Little League Fall Ball is the Spring Training of youth baseball. It's an opportunity for players to work on their skills in a low-pressure environment. Many players are learning new skills, like pitching and catching, and are just beginning to gain confidence. Others are trying to become consistent hitters, or better fielders. The instructional aspect of a good Fall Ball program creates an ideal environment for player development.
Here is a list of what players can accomplish this fall:
1. Fix Your Swing Mechanics. Don't just take BP and accept wherever you're hitting the ball as long as it's hit hard. Learn correct swing mechanics, practice them on a tee and in front of a mirror. Then put it all to use in BP. Learn from the result of each swing. If you're not hitting line drives, there is a reason. Fix it. Every player has something to work on.
2. Focus on Throwing Mechanics. You can't pitch well unless you first learn to throw correctly. Pay close attention in warm-ups to the mechanics of each throw - how the hands are separating, how the ball is positioned during the stride, what the lead arm is doing, etc. Don't just play catch. Throw with a purpose and make sure you're repeating good habits, not bad ones.
3. Get Some Pitching Experience. The low-stress atmosphere of fall games is a great time for inexperienced pitchers to get some innings. Focus on the mechanics you've learned, not what the batter does with the pitch. It's about you, not him. If you execute pitches the way they are supposed to be executed, be satisfied and keep doing it, regardless of whether he hits it or not. You can't control what the batter does, so it's misguided focus. Thinking about results will only distract you from executing each pitch with correct mechanics. The more you pitch, the more comfortable, and therefore confident you will become on the mound. Then when the games matter next spring, you'll be armed with a good delivery and the confidence to go with it.
4. Work on Your Change-up. Change-ups take months, if not years, to master. The grip is unnatural and takes time to get used to. If you don't get comfortable with it, you won't be able to locate it. So use it in Fall Ball, even if the opposing lineup isn't that great. Use it. You'll need it next spring.
5. Try Playing Catcher. Many players say they have no interest in the position of catcher, but they have never actually done it. Catching is like broccoli. You can't say you don't like it until you've tried it. And if you do end up liking it, it can be very beneficial to you. Catching can mean more playing time. It can lead to making a high school team down the road. Every team values a good catcher. Try it for a couple of innings and you may realize it's pretty cool.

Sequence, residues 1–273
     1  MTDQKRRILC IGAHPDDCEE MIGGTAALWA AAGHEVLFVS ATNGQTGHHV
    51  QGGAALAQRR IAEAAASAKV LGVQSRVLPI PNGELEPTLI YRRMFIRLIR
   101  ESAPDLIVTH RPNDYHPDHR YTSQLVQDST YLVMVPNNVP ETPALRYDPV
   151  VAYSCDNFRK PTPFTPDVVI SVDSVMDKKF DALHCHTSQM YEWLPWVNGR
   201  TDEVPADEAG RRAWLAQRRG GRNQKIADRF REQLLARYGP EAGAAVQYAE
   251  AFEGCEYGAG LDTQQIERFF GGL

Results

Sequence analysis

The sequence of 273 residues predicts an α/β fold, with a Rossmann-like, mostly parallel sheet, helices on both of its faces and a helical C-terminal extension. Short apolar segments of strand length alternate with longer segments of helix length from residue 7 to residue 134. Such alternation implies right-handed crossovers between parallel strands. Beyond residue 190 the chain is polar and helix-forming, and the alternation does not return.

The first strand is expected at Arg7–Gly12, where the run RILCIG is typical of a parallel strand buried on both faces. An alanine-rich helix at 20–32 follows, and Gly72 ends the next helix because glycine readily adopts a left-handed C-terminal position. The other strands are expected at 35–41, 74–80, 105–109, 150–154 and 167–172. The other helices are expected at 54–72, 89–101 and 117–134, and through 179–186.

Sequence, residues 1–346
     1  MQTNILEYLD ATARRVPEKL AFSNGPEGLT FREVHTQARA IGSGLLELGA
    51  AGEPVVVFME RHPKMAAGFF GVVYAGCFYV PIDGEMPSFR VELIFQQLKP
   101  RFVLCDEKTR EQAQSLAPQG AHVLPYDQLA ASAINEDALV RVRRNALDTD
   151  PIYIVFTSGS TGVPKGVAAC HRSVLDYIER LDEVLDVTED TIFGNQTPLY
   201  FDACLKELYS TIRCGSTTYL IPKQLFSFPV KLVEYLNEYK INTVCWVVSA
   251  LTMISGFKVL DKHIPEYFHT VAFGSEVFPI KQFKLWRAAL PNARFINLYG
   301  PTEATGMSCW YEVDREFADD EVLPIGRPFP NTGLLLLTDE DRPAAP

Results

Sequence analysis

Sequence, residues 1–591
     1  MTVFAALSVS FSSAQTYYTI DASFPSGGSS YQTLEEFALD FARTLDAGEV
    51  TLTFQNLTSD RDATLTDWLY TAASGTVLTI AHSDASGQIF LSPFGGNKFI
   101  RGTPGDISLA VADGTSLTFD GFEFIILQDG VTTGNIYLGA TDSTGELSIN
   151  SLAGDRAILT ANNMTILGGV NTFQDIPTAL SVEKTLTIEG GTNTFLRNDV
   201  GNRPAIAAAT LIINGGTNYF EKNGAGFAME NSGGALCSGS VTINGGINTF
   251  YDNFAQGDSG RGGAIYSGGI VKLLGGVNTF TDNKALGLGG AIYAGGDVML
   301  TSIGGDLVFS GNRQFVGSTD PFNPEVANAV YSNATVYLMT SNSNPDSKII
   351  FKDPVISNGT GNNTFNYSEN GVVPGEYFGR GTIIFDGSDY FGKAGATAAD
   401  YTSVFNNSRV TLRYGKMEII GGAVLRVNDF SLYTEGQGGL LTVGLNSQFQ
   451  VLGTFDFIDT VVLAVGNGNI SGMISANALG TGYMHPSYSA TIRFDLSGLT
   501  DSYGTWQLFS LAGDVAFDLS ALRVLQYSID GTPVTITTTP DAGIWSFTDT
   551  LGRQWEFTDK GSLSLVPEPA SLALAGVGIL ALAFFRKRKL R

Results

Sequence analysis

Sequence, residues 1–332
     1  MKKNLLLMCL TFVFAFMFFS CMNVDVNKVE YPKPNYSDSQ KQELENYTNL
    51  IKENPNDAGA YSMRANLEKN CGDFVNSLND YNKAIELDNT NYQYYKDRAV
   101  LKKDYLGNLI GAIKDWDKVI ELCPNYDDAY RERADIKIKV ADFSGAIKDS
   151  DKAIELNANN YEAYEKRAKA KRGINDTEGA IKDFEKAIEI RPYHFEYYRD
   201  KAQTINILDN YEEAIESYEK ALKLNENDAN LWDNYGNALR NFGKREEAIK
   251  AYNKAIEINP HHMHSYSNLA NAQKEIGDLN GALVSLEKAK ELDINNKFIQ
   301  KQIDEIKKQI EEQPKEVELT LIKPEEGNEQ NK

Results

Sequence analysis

6. Work on Fielding Techniques. Ballplayers at every level spend time getting reps in the infield and outfield. Take Derek Jeter for example - that's why he heads to Spring Training early. Learn the proper footwork and hand positioning. Drill it over and over again in practice. Infielders - use fielding pads to make a habit of using two hands and covering up. Outfielders - work on your drop step, your communication and your routes to the ball. First Basemen - work on footwork around the bag and scooping ball after ball. Catchers - be relentless with your blocking drills.
7. Do Some PFP. Pitchers' Fielding Practice. Fall is a great time to get in the habit of covering 1B and backing up throws. It's the time to practice fielding bunts or throwing to 2B. There is so much that pitchers do defensively, especially at the youth level, that happens after the pitch is thrown. Work on it now. There won't be as much time devoted to it next spring.
8. Play Your Natural Positions. You may have the most reliable glove on your team at age 12. That probably makes you a shortstop now. But if you lack quickness and athleticism, you won't be a shortstop for long. Spend some time this fall learning one of the corner infield positions as well. It may help you down the road. Fall is the time to do it, when your team can afford to occasionally try a less talented player up the middle.
9. Make Conditioning a Priority. Spend some quality time at the beginning of each practice on dynamic stretching, aerobic exercises, core strengthening and long toss. Take five minutes at the end to cool down and do some static stretching. It might mean that batting practice is 20 minutes instead of 30, but the long term benefits are more important. Learn how to condition your arm and your body in the offseason. You will see results next spring and for years to come.
10. Have Some Fun. If your league's fall program is without standings, tournaments or trophies, Fall Ball can be a good reminder that even without the thrill of high stakes competition, playing ball is fun. Relax and enjoy it.
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